top of page
  • Writer's pictureDr Nicole White

Meningococcal Vaccines Explained

Updated: Jun 29, 2018

Tragic stories of Meningococcal disease frequently make it into the media creating a sense of fear, particularly among parents.  This is a serious disease, however, the good news is vaccinations are available to protect your family.  Read on to learn more. 

What is Meningococcal Disease?

Meningococcal disease is a bacterial infection which can cause serious disease and even death in those exposed.  In it's most severe form it presents as meningitis or septicaemia.  Less severe forms can include pneumonia, arthritis, pericarditis and conjunctivitis.    

How bad is it?

Not everyone who is exposed will get severe Meningococcal disease.  Of those who do, 10% will die and 20% will be left with a permanent disability including loss of limbs, organ failure, vision or hearing impairment and learning difficulties. 

Symptoms of severe Meningococcal disease include fever, purple non-blanching rash, headache, neck stiffness, photophobia (intolerance of light,) altered consciousness, joint pains, nausea and vomiting. 

How can I catch Meningoccocal Disease?

Meningococcal infection is transmitted in respiratory droplets through coughing and sneezing.  Some people can carry the Meningococal bacteria in their nose without ever developing any symptoms or signs – this is more common in smokers. 

Symptoms of infection generally develop within 3-4 days of exposure.

The groups most at risk are infants under the age of 5 years and young adults aged 15-24. 

Most cases tend to occur in Winter or early Spring.

Are there vaccinations available?

In Australia we see 5 strains of Meningococcus: A, B, C, W and Y.

B and C have been the most common but we are seeing an increase in cases of W and Y in our country.   

Meningococcal B  is the most common cause of invasive meningococcal disease in children and young adults.  

Meningococcal C is rare since the introduction of a vaccination (Menitorix) which until now has been given at 12 months of age as part of the National Immunisation Program.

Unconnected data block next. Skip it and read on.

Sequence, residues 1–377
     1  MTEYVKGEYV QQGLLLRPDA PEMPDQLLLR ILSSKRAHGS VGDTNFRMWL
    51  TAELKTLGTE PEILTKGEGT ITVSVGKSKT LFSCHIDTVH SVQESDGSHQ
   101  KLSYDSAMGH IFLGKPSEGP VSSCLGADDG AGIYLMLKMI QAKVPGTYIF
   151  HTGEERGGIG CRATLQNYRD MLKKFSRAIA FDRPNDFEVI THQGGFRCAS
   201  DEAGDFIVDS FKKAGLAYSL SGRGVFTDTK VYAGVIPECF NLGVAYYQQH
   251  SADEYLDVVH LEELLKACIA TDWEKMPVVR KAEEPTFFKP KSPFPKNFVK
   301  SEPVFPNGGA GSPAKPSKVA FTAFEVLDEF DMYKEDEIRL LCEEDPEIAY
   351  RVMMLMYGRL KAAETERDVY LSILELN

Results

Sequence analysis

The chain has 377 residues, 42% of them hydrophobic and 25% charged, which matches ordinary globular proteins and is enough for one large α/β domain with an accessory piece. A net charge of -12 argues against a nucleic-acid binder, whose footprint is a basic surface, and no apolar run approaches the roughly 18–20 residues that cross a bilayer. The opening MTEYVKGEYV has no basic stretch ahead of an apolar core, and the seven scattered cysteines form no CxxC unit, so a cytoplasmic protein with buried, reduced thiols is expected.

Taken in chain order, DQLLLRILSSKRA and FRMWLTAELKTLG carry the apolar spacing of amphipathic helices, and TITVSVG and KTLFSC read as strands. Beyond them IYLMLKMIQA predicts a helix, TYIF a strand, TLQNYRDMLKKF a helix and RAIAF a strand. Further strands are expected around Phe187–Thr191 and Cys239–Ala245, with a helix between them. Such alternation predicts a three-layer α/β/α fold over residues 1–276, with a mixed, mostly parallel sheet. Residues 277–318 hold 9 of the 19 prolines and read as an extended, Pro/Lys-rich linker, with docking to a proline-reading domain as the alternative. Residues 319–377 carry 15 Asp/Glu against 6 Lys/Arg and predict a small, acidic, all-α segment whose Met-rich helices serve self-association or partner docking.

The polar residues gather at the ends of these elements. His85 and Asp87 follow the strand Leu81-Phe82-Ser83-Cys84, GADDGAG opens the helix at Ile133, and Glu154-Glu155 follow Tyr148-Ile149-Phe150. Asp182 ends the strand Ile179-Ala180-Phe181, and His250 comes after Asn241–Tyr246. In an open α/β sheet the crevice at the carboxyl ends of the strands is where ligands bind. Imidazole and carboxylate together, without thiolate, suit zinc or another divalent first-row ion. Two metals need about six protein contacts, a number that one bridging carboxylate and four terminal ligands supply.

There is no single vaccination that covers all strains of Meningococcal infection.   There are separate vaccinations which, in combination, can provide protection against the 5 main strains of Meningococcal disease seen in Australia.  These are outlined below. 

Meningococcus B – Bexsero

This is not part of the National Immunisation Program but is available as a privately purchased vaccine at a cost of around $150 per dose. 

2-4 doses are required depending on the age at which the vaccines are started.

Bexsero can be given from 2 months of age.

Meningococcal C – Menitorix

Given as a single vaccination at 12 months as part of the National Immunisation Program (Government Funded) for all children born prior to 1 July 2017.

Meningococcal ACWY – Menactra, Menveo, Nimenrix

This is a combination vaccine which covers 4 strains of meningococcal disease. 

From 1 July 2018 this vaccine will be given to 12 month old babies as part of the National schedule. This replaces the Menitorix above which was previously given.

This vaccine also appears on the routine schedule and will be government funded for adolescents aged 15-19.

If your child turned 1 before 1 July 2017 they will not be eligible for a free vaccination under the government program, however, the vaccine is available privately at around $150 per dose.

Further information around the new changes to the schedule can be found here.

Who Should be Vaccinated?

Vaccination against Meningococcal disease is recommended for the following groups:

  1. Those with immune deficiency

  2. Those in high risk occupations

  3. Infants and young children

  4. Adolescents and young adults

  5. Travellers to destinations with an increased risk of meningococcal disease

  6. Any other individual who wishes to reduce their risk of invasive meningococcal disease.

What are the side effects of vaccination?

Pain and redness at the injection site


Nausea and decreased appetite




How Can I access these vaccinations?

These vaccines are available at GP4Kids and Kedron Wavell Medical Centre.  Please discuss further with your GP or the practice nurse for more information.


Australian Immunisation Handbook

National Centre for Immunisation Research and Surveillance

Meningococcal Australia


Commenting has been turned off.
bottom of page